Since your IT infrastructure continually grows, your efforts to map and track also need to be continuous. This is also the case when it comes to performing cybersecurity risk assessments. There are two different types of assessments that you need to conduct on a regular basis.

On the one hand, you need to continually assess whether your internal processes for risk mitigation – identity and access management, for example – are not only adequate but also being strictly followed. You need to ensure, for example, that when users leave the company, they lose access privileges. Likewise, you need to ensure that access to certain systems or types of data is restricted to relevant users.

On the other hand, when new security alerts are issued or vulnerabilities identified – as was the case with the log4j vulnerability last year – you need to conduct an assessment of your systems. Is this a threat that you need to be concerned about? Frankly, without a comprehensive overview of your IT landscape, including the services your software depends on, you just can't know!

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Minimize the attack surface

While a new and/or improved cybersecurity strategy can take time to implement, and the need for risk assessments never goes away, there is something you can always do: minimize your attack surface. 

As we mentioned above, this begins with actually understanding where you attack surface is. Creating an inventory of all existing applications is key. SaaS applications, which may be purchased decentrally without IT's knowledge pose a real challenge here. Automated SaaS discovery can be a lifesaver in this instance.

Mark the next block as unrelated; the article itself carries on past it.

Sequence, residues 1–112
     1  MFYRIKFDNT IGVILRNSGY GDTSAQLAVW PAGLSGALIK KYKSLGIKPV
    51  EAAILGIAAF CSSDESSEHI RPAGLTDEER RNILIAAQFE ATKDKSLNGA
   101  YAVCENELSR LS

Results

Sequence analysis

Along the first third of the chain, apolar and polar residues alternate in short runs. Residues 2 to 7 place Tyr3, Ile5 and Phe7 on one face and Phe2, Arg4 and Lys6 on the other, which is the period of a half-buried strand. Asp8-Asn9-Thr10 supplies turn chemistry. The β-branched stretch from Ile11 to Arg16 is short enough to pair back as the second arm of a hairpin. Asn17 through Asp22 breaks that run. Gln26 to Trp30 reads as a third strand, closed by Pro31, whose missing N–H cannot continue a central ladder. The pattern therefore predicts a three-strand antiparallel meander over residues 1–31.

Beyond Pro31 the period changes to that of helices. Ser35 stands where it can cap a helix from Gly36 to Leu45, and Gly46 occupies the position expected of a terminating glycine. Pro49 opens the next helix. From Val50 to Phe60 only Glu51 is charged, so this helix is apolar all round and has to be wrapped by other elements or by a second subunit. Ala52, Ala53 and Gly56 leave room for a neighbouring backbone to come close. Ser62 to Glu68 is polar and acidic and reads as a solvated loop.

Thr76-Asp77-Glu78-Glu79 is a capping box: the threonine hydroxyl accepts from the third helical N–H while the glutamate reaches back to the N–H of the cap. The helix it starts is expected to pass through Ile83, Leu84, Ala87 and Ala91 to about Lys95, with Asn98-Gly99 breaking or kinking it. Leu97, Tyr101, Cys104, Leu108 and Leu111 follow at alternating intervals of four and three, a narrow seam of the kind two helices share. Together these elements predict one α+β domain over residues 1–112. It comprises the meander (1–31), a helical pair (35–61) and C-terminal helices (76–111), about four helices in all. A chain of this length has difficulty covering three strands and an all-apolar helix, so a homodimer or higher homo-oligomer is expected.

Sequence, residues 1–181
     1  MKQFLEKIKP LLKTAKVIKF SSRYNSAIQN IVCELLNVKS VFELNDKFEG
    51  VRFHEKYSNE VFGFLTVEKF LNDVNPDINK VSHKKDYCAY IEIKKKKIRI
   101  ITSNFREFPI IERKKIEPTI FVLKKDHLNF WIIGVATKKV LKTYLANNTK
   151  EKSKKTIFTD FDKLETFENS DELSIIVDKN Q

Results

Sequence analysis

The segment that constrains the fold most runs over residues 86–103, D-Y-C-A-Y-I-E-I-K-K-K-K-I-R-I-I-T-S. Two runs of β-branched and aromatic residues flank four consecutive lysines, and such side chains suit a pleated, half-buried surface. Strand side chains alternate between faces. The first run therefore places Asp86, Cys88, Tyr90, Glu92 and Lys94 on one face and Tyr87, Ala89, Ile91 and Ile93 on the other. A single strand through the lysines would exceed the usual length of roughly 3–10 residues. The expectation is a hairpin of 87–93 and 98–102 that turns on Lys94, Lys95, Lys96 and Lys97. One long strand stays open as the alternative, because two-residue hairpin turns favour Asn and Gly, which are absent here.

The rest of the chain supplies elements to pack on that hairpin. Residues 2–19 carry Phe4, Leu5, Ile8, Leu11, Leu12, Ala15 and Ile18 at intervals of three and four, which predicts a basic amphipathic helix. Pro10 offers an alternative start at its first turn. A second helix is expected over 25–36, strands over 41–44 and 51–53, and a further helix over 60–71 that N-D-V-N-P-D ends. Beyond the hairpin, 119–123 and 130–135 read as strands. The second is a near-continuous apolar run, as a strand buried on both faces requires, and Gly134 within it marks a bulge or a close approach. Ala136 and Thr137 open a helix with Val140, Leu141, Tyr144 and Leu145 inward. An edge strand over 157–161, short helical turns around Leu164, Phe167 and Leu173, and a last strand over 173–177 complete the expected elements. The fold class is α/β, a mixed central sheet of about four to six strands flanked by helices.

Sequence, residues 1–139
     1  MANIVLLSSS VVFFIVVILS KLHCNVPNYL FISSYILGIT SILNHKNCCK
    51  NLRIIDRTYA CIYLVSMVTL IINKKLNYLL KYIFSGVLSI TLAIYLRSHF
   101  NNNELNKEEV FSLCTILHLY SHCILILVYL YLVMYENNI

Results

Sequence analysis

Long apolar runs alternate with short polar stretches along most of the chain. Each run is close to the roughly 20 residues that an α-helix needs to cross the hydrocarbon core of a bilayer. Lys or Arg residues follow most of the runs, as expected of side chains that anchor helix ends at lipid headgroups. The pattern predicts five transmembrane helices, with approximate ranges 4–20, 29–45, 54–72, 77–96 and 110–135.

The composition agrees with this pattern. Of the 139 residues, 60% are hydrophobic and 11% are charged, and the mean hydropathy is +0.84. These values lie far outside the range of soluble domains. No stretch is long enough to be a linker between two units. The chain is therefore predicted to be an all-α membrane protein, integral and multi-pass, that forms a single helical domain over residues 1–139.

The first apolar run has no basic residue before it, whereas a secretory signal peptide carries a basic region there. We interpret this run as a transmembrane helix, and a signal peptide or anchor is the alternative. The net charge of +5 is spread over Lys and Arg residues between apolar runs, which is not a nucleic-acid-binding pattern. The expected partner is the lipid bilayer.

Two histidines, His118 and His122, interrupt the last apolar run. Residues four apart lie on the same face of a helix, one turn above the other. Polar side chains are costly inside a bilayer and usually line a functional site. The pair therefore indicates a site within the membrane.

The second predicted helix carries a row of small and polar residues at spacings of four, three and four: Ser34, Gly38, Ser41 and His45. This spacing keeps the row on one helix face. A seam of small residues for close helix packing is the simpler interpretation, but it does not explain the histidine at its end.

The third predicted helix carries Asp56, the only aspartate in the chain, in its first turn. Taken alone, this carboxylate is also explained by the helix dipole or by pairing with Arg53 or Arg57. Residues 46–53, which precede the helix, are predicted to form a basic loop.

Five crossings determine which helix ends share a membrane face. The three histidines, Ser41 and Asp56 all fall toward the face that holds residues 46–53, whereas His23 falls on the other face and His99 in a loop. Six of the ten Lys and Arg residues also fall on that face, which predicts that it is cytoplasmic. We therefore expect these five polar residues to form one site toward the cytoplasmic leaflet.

The next step is eliminating the applications you don't need, particularly redundant applications that serve the same business function. If, for example, you have six payroll systems as a result of mergers and acquisitions, reducing that number two one or two, depending on your needs, can drastically simplify your risk mitigation efforts.

Make security a company-wide priority

Given the amount of access — much of it remote — employees now have to company systems and data, it’s impossible to implement any real security measures without appropriately educating and training your staff.

Good communication here is key, and as always, the best way to make an impact is to relate the importance of security back to business value for your stakeholders.

Ask yourself the following questions:

  • How will cybersecurity risk mitigation improve your employee and customer experiences?
  • How will it yield ROI for the business?
  • Conversely, how could a security breach impact it negatively?

Educating employees on these and related security issues is important. Training them on how to think about cybersecurity and ensure it in their daily activities is likewise essential.

At the same time, these efforts, like your risk assessment efforts must constantly evolve and be constantly reinforced. Don't hesitate to test responses – to simulated phishing attacks, for example – and retrain when necessary

Create security-minded processes and standards

Finally, help your employees practice what you preach by implementing the right processes. For example: Build training into any new access granted to a particular system or database.

When your employees have guidelines and standards to follow, they’re more likely to stay compliant with your cybersecurity risk mitigation standards and less likely to inadvertently create risk.

Power Your Security Strategy with LeanIX

Cybersecurity is hardly a “set-it and forget-it” aspect of business — it’s an ongoing priority.

An enterprise architecture platform — like the one offered by LeanIX — drives better oversight of your entire IT infrastructure and facilitates seamless collaboration between cybersecurity teams and other employees across your company.

Learn more about LeanIX EAM or schedule a demo today!